Low monsoon concern for India`s farm output: Pawar
New Delhi: India produced record food grain in 2008-09 but the situation could become a cause for concern due to erratic monsoon in several parts of the country, Agriculture Minister Sharad Pawar said on Monday.
Between July 1 and now, there has been a significant improvement in monsoon rain, with the deficit based on long-term average coming down from 46 percent to 27 percent, the minister said during a debate in the Lok Sabha, the lower house of Parliament.
"But there are concerns regarding Bihar, western Uttar Pradesh, eastern Uttar Pradesh, Punjab, and some parts in Punjab and Haryana - also in some pockets of Tamil Nadu, not the whole state," he said.
"Drought is declared by state governments, not by the central government. So far, four states have declared drought in some districts," he said, naming them as Assam, Madhya Pradesh, Jharkhand and Manipur. "But this drought is due to deficient rain last year."
Some 60 percent of Indian agriculture is dependent on monsoon.
According to the minister, while paddy output was a matter of concern, the situation was largely better in the case of coarse cereals like jowar and bajra, as also oilseeds and lentils.
Giving the latest estimate of farm output, Pawar said food grain production during 2008-09 (July-June) was 233.87 million tonnes. "After independence, this is the highest even production."
Even during the year before, the country was able to produce record food grain of 230.78 million, the minister said, adding that state-run agencies in Punjab and Haryana were able to procure 90 percent of the output.
He, however, said the same was not the case with Uttar Pradesh and Bihar. "I told the government of Uttar Pradesh, please step up your machinery to procure. I am even willing to give you advance money. But I am sorry to say this was not done."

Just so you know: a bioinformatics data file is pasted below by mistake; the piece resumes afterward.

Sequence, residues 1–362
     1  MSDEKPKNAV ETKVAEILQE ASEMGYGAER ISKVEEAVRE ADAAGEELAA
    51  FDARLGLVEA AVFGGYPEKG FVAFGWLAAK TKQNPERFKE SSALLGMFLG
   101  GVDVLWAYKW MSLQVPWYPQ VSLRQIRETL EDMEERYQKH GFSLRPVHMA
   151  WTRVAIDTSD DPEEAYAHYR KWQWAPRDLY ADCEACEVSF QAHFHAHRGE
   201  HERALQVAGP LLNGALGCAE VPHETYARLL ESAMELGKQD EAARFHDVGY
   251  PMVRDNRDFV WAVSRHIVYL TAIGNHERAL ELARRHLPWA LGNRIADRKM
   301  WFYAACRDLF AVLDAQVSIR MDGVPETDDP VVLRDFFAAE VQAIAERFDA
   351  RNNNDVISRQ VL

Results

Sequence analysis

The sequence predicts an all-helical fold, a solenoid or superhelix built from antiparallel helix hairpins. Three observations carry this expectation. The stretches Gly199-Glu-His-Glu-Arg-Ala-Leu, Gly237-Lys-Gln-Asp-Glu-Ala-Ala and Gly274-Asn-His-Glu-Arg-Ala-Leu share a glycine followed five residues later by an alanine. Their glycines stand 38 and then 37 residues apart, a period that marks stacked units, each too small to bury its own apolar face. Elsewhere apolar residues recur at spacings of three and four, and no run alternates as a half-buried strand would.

Pawar said that in view of lower monsoon rains during the current season, the central government will not shy away from giving additional funds to states to help farmers sow for a second time.
He said a conscious decision by the United Progressive Alliance (UPA) government was taken to step up agriculture credit so that the farmers come out of the clutches of unscrupulous moneylenders.
Accordingly, over the past three years, farm credit has gone up manifold from Rs.860 billion ($17 billion) to Rs.3,650 billion ($73 billion).
Pawar said remarks by members that minimum support price to farmers by state-run agencies was inadequate were not true as it was due to remunerative prices that such large quantities of procurement was possible.
He said Prime Minister Manmohan Singh himself had directed a substantial hike in the minimum support prices. These were stepped up by Rs.205 per quintal for paddy with a bonus of Rs.50, and by Rs.250 per quintal for wheat.
Thus, the minister said, the minimum support price - the money paid to farmers by state-run agencies for their produce - stood at Rs.900 per quintal for paddy, and Rs.1,000 for wheat.
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